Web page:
The Centre on Friday told the Supreme Court that it was in favour of granting 22.5% reservation in promotions to government employees from Scheduled Castes and Scheduled Tribes. Attorney General KK Venugopal said employees from these communities were presumed to be backward because of more than a thousand years of deprivation, NDTV reported.
A Constitution bench comprising Chief Justice Dipak Misra, Justices Kurien Joseph, RF Nariman, Sanjay Kishan Kaul and Indu Malhotra is hearing the matter. The Centre’s push for reservation comes ahead of Assembly elections in multiple states this year and the 2019 General Elections. It has also come after Dalit groups threatened to protest about the top court’s dilution of the Scheduled Castes and Tribes (Prevention of Atrocities) Act.
The attorney general has urged the Suprene Court to revisit its verdict from 2006 that imposed three conditions – identification of backwardness, compelling reasons and inadequate representation – for granting quota in promotions to employees from Scheduled Caste and Scheduled Tribe communities, Deccan Chronicle reported.
The Centre told the court that there was no need to test the backwardness of employees from these communities while granting promotions as the court itself had said in the 1992 Indra Sawhney case that the test of backwardness does not apply to them.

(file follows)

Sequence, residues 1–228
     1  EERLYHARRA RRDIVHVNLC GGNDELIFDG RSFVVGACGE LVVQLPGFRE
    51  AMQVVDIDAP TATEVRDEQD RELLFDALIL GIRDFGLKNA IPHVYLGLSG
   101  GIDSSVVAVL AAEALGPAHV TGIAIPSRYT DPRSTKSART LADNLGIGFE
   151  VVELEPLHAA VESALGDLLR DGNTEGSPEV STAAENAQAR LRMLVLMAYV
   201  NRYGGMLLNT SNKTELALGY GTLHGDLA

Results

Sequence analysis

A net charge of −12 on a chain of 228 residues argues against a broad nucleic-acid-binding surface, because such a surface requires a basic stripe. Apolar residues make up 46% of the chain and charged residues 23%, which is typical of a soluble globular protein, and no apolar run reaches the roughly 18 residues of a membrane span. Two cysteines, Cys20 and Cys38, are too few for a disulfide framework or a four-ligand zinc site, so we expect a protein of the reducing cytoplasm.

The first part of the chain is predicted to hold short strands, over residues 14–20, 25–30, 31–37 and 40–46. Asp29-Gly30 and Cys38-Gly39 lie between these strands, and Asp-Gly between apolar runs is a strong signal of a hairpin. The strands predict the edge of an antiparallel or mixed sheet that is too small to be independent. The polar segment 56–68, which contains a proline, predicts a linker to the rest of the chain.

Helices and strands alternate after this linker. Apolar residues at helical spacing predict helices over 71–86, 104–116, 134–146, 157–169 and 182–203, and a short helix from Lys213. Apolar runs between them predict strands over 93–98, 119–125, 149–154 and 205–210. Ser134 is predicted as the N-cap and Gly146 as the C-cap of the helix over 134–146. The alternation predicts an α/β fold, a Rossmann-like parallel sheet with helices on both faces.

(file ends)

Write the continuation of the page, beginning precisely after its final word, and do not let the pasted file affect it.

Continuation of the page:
Venugopal said it was a “situation of impossibility” to comply with these conditions in every case, and that mere backwardness was enough to grant the communities reservation. When the judges asked him about the adequacy of reservation, Venugopal said employees from the Scheduled Caste and Scheduled Tribe communities must account for 23 of every 100 promotions in a year.
“Affirmative action will be illusory if reservations in promotions are not given for SC/ST,” Live Law quoted Venugopal as saying.
The 2006 verdict had held that the state is not bound to make reservations for Scheduled Castes and Scheduled Tribes in promotions in government jobs. But if the government wishes to introduce such quotas, it needs to collect quantifiable data showing the backwardness of these communities. The order said that if reservation is implement, it must not breach the 50% ceiling or “obliterate the creamy layer”.
On June 5, the top court allowed the Centre to provide reservation in promotions for employees from Scheduled Caste and Scheduled Tribe communities. The order is effective until the Constitution bench disposes of the matter.